The Supreme Court has allowed an appeal by Revenue in a case that centred on the employment relationship between a pizza firm and its delivery drivers.
In 2018, the Tax Appeals Commissioner (TAC) found that drivers working for Karshan (Midlands) Ltd, trading as Domino’s Pizza, were employees, rather than independent contractors, for taxation purposes.
The High Court upheld the TAC finding, but the Court of Appeal later overturned the decision, ruling that the TAC had erred in determining that the drivers were employees. Revenue then appealed to the Supreme Court.
Delivering judgment, Mr Justice Brian Murray (pictured) said that the commissioner was entitled to conclude that the drivers were employees of Karshan for the purposes of the relevant provisions of tax legislation.
“The evidence disclosed close control by Karshan over the drivers when at work, and while there were some features of their activities that were consistent with their being independent contractors engaged in business on their own account, the commissioner was entitled to conclude that the preponderance of the evidence pointed to the drivers carrying on Karshan’s business rather than their own.” the judge stated.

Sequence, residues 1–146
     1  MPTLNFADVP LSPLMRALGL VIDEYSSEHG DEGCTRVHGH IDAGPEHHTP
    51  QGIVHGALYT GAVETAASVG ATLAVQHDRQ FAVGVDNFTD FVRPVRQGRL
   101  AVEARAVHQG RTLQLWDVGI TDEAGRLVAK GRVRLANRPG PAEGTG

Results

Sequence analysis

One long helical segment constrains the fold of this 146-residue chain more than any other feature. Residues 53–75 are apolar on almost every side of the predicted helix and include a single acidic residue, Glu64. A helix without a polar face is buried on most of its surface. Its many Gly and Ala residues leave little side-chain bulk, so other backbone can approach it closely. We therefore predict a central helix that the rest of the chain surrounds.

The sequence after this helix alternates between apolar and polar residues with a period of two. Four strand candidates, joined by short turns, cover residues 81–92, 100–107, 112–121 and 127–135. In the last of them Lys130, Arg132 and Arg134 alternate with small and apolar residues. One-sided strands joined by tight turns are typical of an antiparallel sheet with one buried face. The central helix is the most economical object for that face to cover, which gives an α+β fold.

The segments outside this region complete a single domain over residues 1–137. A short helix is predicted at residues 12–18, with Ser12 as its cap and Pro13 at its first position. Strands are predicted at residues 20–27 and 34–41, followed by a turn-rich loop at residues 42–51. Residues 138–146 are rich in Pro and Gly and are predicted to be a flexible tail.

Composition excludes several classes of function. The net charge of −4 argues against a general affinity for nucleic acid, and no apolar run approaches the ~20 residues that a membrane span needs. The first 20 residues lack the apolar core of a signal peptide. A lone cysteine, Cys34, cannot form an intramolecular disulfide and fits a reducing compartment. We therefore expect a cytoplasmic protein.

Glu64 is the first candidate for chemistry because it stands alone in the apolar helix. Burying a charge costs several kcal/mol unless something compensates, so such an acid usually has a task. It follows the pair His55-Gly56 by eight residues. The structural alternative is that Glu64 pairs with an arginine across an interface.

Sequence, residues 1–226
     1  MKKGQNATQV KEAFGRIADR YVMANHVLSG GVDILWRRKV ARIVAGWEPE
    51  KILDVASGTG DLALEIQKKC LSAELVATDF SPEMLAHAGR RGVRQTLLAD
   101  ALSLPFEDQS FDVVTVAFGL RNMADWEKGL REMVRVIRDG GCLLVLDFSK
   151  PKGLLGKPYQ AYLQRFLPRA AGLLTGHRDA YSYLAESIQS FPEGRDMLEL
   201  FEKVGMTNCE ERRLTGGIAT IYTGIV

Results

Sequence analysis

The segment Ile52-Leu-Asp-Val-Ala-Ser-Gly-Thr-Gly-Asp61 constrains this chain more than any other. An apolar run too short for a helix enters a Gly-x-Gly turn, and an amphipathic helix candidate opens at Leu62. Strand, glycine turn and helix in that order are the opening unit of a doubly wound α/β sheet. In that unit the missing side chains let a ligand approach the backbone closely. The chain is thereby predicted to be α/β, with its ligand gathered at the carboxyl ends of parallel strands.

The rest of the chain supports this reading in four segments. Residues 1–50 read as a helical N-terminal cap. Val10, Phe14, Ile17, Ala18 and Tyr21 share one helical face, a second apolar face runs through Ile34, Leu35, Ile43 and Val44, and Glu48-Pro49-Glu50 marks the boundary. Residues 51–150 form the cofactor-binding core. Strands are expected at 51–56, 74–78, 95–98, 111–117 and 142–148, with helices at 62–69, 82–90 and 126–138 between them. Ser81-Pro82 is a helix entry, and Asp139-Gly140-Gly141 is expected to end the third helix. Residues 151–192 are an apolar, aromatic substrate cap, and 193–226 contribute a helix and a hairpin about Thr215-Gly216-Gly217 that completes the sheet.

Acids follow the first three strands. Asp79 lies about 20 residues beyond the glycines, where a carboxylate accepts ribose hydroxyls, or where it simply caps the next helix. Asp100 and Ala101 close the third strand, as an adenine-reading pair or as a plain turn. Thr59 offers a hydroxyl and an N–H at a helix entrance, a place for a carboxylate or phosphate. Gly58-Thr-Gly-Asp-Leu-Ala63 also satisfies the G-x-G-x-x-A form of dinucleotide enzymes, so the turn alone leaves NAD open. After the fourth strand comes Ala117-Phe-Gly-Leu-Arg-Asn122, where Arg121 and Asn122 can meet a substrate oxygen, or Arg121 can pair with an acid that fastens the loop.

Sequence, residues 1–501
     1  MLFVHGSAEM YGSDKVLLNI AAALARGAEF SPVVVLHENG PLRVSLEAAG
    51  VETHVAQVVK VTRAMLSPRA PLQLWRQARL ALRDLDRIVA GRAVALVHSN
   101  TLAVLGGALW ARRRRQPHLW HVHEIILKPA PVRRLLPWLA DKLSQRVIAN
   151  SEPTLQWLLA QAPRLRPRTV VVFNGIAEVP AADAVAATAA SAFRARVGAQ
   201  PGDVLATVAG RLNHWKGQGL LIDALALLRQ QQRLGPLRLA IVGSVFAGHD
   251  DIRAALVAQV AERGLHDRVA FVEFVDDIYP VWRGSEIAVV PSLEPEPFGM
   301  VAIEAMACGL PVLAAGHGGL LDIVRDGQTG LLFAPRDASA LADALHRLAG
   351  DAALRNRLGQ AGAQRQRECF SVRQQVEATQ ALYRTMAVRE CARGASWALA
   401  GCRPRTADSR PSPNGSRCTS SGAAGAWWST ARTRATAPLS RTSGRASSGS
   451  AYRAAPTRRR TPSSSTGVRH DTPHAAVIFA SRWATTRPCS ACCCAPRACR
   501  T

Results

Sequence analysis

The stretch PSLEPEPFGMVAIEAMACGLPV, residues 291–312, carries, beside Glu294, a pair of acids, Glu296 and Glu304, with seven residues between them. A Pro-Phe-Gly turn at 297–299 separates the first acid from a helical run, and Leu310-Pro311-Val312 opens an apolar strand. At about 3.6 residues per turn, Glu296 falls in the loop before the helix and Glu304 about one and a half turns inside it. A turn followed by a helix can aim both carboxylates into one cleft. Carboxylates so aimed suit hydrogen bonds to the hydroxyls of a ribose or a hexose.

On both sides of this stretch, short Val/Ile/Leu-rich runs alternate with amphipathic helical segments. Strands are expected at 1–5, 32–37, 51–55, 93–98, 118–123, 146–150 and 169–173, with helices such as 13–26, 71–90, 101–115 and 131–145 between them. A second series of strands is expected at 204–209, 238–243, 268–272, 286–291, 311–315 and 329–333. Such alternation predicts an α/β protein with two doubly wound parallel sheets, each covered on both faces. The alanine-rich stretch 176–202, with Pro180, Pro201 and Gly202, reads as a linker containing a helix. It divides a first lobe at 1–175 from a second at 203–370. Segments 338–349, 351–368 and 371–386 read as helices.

He added that the TAC was also entitled to conclude that that the drivers were obliged to attend for work when they agreed to be rostered.
Karshan had contended that an ongoing reciprocal commitment, extending into the future, to provide and perform work on the part of the employer and worker, respectively, was a sine qua non of a contract of employment.
The court decided, however, that such an ongoing commitment was not a necessary requirement for an employment relationship.